Lufthansa Says Venezuela Owes It More Than $100 Million

May 30, 2016, 2:20 PM UTC
Lufthansa Pilots Launch Two-Day Strike
FRANKFURT AM MAIN, GERMANY - OCTOBER 21: A man walkes in front of Lufthansa airplanes at the Frankfurt Airport on October 21, 2014 in Frankfurt am Main, Germany. Vereinigung Cockpit, the labor union that represents the pilots, launched the two-day strike yesterday that has been expanded from short and medium-distance flights on the first day to long haul flights today, affecting over 100,000 passengers. This is the seventh strike by Lufthansa and Germanwings (a Lufthansa subsidiary) pilots this year as the union attempts to maintain the Lufthansa pilots' early retirement guarantee, a benefit that Lufthansa is trying to cut. (Photo by Thomas Lohnes/Getty Images)
Photograph by Thomas Lohnes — Getty Images

Venezuela owes Lufthansa more than $100 million in ticket revenue, the German carrier said on Monday, following news it was suspending flights there next month.

Like other airlines, Lufthansa (DLAKY) has struggled to repatriate revenue held in the local bolivar currency due to exchange controls and had reduced flights to Venezuela to limit its exposure, before its weekend announcement of a suspension.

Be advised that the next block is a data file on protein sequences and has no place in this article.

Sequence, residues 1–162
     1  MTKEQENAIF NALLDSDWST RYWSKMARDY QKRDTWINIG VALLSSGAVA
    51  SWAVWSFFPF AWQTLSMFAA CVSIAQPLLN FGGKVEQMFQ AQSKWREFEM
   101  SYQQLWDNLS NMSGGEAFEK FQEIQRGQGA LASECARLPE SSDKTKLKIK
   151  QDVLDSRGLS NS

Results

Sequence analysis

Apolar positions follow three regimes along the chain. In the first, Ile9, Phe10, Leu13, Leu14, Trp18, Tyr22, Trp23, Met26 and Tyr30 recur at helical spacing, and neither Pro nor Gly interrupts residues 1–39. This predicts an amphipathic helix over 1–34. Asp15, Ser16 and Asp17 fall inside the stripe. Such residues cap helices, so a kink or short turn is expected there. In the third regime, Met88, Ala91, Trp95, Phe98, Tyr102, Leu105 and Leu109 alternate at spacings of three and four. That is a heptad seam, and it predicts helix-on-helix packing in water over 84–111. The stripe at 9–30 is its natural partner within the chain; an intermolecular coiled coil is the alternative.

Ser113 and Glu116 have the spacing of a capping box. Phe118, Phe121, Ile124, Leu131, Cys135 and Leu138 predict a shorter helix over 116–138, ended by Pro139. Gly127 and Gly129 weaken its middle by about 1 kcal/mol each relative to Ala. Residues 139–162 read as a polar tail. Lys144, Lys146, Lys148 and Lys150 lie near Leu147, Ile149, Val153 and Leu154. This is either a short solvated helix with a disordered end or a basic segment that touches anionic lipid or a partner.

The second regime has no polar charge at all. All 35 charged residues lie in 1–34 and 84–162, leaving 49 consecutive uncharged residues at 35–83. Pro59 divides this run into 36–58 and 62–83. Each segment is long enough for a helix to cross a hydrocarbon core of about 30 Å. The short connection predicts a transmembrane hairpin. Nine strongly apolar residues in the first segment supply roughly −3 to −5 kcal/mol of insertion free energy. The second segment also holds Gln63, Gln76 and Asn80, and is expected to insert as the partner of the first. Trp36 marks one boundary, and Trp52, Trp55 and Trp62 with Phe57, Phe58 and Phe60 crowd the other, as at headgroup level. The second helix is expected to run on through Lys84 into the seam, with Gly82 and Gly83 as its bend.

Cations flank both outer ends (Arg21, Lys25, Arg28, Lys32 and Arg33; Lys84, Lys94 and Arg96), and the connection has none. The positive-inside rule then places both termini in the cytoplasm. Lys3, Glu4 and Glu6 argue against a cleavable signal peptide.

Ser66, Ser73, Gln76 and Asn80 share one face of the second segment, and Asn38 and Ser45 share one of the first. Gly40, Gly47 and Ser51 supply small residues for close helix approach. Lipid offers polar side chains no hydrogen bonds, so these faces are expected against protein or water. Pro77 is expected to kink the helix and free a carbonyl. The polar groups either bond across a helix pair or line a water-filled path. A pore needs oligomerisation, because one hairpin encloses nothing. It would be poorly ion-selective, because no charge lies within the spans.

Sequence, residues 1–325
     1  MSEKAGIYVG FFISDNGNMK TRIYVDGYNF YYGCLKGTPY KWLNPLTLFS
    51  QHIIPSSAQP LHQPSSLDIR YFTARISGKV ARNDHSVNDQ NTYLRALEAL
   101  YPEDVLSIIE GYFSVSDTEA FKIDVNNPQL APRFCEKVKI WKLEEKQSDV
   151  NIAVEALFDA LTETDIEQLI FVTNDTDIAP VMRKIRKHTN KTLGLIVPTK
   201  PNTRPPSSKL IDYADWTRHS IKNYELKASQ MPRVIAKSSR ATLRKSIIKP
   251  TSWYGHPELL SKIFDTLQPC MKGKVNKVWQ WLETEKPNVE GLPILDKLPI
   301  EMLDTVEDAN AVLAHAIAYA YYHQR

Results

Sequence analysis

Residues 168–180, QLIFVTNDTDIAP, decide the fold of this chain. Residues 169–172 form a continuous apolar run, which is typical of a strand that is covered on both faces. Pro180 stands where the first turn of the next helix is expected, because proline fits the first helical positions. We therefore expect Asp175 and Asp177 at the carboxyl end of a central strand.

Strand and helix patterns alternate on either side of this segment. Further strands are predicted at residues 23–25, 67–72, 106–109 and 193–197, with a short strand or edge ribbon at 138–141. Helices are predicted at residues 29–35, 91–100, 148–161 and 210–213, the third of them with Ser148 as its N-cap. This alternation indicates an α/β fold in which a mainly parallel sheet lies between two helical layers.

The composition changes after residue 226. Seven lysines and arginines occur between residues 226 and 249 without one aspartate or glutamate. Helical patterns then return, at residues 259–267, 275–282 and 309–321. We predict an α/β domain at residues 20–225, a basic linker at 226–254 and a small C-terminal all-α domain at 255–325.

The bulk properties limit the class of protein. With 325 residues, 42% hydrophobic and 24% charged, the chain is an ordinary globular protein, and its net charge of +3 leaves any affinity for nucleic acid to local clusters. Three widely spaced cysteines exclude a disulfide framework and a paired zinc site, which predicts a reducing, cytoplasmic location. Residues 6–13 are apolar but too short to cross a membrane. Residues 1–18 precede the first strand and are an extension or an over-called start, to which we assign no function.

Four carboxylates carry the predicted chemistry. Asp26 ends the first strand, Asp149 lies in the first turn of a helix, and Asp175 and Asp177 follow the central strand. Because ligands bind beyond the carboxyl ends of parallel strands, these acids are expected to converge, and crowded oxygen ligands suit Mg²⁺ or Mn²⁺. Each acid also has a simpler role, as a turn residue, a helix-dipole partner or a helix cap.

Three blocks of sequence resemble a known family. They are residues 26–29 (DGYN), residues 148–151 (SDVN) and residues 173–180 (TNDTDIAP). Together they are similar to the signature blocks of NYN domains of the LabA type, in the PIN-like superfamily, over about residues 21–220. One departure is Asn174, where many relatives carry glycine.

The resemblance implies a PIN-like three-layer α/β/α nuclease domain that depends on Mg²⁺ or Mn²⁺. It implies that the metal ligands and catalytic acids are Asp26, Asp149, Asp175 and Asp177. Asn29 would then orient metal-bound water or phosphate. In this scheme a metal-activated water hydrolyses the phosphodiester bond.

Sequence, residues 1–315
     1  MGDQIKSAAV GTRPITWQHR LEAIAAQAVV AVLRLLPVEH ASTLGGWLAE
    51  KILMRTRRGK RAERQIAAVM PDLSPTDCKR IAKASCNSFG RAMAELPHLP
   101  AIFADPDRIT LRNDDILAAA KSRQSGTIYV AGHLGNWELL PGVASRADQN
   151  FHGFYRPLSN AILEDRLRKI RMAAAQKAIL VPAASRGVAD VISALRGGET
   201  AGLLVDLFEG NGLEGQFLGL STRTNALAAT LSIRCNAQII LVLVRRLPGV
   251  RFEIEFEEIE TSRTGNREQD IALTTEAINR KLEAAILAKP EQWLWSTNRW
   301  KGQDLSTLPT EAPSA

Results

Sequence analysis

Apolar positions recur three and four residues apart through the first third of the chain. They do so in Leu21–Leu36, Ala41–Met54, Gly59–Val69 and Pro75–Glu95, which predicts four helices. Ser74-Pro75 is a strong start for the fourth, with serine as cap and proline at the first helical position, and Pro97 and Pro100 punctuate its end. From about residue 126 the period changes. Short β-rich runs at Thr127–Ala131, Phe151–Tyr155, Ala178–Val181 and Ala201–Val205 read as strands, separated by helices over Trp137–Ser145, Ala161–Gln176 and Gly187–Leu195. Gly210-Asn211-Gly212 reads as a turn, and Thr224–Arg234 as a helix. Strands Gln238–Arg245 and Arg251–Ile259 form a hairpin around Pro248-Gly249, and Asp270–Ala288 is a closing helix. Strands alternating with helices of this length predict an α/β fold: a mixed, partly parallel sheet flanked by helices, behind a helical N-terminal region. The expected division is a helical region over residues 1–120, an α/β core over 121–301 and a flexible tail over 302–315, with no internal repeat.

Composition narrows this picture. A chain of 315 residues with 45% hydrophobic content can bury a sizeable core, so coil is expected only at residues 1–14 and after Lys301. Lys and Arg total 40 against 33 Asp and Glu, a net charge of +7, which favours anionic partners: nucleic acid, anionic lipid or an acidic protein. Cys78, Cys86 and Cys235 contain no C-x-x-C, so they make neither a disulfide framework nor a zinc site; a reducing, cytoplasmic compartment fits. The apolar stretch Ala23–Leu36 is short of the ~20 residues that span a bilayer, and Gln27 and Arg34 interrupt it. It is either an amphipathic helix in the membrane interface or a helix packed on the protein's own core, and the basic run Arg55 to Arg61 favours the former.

A Lufthansa spokesman said that the Venezuela government owed it a “low three-digit million” amount, later adding that the amount had already been written off.

 

The International Air Transport Association (IATA) has been pushing Caracas to free trapped airline revenue.

“What we want is to keep the place connected. Venezuela’s economic difficulties will only get worse if they are isolated even more and unable to participate in trade because airlines aren’t flying there any more,” IATA Director General Tony Tyler said on Monday.

Struggling Latin American economies are likely to be a topic of discussion when airline chief executives meet this week in Dublin for the annual IATA summit.